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How do I set a path for dll's to be searched in Visual Studio for a particular project alone. Now I am setting it in environment path variable, but I would like better control over this.

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Do you mean that you're attempting to run something in the debugger, and because the DLLs aren't in PATH, it's not finding them? – Roger Lipscombe Jan 9 '09 at 13:49
Are you talking about the debugger or running the application from the Window's shell? – Jordan Parmer Jan 9 '09 at 13:53
Also, are you talking about a DLL you wrote or 3rd-party DLLs you are consuming? – Jordan Parmer Jan 9 '09 at 14:08
I was asking abt running the exe that is created in debug or release folder – yesraaj Jan 9 '09 at 15:13
up vote 35 down vote accepted

You have a couple of options:

  • You can add the path to the DLLs to the Executable files settings under Tools > Options > Projects and Solutions > VC++ Directories (but only for building, for executing or debugging here)
  • You can add them in your global PATH environment variable
  • You can start Visual Studio using a batch file as I described here and manipulate the path in that one
  • You can copy the DLLs into the executable file's directory :-)
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With Visual Studio 2010, you can go in your project's property pages, and it's under "Configuration Properties -> VC++ Directories". – Kevin Jun 29 '10 at 3:34
@Kevin This is for building, not for running or debugging – user362515 Apr 30 at 15:35

Search MSDN for "How to: Set Environment Variables for Projects". (It's Project>Properties>Configuration Properties>Debugging "Environment" and "Merge Environment" properties for those who are in a rush.)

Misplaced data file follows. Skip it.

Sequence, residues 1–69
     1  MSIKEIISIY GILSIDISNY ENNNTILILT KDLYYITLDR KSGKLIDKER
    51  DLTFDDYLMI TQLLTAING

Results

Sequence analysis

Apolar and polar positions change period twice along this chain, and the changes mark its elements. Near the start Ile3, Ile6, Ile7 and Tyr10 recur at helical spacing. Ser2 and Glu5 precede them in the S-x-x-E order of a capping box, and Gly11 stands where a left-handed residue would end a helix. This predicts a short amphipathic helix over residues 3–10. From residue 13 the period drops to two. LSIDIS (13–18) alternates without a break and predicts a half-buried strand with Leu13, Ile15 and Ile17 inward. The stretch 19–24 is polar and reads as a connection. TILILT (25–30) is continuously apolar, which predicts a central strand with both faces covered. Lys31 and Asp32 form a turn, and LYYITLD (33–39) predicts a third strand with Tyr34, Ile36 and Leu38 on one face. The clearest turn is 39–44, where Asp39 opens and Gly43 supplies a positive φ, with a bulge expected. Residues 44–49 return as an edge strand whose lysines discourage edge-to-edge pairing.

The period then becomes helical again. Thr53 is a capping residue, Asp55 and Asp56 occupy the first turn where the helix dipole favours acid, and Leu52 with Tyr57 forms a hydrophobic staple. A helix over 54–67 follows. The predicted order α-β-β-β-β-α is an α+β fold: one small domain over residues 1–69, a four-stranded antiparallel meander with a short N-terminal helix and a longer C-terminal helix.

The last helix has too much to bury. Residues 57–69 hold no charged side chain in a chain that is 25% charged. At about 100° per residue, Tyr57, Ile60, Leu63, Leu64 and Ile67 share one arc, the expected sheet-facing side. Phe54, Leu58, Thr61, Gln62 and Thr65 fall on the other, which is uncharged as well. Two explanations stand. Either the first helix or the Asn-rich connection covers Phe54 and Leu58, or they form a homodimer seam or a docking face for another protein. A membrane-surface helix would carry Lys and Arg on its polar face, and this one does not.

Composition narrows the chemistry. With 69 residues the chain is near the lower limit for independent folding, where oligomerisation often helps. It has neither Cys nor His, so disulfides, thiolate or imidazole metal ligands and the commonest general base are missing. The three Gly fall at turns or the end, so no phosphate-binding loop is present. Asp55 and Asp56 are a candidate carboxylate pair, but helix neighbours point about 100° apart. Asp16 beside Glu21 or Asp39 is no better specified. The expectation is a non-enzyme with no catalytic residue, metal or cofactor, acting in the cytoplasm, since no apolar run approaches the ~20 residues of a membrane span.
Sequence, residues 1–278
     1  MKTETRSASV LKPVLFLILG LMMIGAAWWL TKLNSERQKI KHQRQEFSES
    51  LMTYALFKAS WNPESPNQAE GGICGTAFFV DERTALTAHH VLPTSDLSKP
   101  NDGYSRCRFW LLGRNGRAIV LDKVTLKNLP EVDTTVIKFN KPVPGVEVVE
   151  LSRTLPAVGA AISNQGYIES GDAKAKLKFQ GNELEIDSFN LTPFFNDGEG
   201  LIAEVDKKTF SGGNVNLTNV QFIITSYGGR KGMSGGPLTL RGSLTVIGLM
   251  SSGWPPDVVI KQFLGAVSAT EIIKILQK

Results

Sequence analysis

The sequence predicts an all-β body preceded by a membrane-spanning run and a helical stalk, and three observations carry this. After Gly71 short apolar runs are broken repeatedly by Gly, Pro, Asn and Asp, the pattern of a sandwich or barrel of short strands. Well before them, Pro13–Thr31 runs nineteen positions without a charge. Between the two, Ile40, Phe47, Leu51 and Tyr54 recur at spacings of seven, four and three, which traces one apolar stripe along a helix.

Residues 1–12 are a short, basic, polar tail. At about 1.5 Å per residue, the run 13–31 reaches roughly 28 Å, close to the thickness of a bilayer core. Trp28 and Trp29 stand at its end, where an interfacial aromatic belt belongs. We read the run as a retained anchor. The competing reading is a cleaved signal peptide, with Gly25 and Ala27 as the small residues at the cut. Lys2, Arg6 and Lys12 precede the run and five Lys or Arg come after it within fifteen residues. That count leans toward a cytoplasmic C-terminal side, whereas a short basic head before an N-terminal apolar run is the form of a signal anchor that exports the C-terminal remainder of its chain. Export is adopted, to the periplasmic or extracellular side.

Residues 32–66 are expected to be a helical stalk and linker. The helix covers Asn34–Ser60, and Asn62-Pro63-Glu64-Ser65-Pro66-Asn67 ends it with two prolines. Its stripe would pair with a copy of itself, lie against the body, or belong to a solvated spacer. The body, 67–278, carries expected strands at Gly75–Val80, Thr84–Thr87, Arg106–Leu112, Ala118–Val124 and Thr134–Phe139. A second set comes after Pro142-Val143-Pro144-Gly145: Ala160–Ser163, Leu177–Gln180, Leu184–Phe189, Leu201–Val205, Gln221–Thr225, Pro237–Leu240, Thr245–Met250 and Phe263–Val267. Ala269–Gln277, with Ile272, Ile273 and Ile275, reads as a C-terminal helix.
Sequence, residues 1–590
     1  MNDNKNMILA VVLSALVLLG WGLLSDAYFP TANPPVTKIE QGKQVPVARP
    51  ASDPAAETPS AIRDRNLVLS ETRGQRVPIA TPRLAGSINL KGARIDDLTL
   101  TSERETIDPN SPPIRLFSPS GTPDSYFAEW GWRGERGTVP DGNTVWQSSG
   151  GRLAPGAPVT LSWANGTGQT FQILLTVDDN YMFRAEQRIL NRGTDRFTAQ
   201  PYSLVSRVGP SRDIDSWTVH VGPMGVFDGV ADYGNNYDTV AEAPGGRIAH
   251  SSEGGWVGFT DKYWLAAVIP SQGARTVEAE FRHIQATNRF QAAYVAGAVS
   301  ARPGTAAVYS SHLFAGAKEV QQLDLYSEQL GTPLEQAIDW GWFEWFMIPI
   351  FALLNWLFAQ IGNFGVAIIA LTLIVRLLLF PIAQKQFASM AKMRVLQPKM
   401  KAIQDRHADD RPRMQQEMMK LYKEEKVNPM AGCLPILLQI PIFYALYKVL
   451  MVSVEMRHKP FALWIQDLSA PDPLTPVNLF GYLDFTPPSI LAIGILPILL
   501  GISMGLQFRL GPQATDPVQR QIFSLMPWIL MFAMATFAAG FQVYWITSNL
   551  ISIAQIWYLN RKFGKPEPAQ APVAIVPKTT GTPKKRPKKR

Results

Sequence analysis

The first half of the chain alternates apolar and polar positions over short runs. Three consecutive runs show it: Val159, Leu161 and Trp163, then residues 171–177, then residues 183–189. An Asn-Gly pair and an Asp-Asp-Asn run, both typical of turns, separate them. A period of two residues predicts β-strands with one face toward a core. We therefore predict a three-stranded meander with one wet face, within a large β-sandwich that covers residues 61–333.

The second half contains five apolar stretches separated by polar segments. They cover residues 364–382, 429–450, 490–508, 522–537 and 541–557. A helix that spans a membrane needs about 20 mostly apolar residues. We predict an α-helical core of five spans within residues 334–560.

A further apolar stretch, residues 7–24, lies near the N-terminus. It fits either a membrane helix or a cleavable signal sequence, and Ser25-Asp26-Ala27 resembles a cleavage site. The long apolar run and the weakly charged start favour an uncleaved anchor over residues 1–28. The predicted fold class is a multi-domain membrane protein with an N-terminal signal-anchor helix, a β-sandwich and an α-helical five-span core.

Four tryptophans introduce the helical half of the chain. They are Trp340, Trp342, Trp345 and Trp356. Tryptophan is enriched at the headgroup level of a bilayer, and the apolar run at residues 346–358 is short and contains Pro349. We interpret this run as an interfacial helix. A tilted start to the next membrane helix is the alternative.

The syntax is NAME=VALUE and macros can be used (for example, $(OutDir)).

For example, to prepend C:\Windows\Temp to the PATH:


Similarly, to append $(TargetDir)\DLLS to the PATH:

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Works great, but do you know how to do the same for C#? – parsley72 Mar 12 '12 at 4:55
Alert, broken link. – Kevin Oct 3 '14 at 16:05
new link – mrbungle Jun 9 '15 at 15:00

If you only need to add one path per configuration (debug/release), you could set the debug command working directory:

Project | Properties | Select Configuration | Configuration Properties | Debugging | Working directory

Repeat for each project configuration.

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Set the PATH variable, like you're doing. If you're running the program from the IDE, you can modify environment variables by adjusting the Debugging options in the project properties.

If the DLLs are named such that you don't need different paths for the different configuration types, you can add the path to the system PATH variable or to Visual Studio's global one in Tools | Options.

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